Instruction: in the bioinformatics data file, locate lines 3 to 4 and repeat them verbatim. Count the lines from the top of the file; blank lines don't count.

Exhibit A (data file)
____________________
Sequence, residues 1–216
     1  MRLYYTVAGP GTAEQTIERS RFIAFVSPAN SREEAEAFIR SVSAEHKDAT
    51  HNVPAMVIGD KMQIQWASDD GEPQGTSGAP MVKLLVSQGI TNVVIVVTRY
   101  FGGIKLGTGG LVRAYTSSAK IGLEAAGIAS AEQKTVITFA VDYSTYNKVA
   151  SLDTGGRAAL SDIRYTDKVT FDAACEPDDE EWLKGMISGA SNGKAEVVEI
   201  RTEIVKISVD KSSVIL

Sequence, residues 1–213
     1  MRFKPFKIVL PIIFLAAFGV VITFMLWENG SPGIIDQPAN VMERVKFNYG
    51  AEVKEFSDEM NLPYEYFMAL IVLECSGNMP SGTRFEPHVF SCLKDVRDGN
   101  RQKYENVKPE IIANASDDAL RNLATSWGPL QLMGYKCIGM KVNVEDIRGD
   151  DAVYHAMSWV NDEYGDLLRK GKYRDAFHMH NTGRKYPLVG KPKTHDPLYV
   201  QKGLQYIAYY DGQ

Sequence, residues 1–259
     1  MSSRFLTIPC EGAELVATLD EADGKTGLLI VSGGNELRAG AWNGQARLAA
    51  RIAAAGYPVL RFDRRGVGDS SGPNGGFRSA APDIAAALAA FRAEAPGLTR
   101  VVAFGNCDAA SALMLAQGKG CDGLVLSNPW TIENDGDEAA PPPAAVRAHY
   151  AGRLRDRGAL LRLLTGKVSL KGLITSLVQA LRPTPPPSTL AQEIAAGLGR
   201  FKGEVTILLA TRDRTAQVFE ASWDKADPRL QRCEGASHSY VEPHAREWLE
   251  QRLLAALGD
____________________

    51  HNVPAMVIGD KMQIQWASDD GEPQGTSGAP MVKLLVSQGI TNVVIVVTRY
   101  FGGIKLGTGG LVRAYTSSAK IGLEAAGIAS AEQKTVITFA VDYSTYNKVA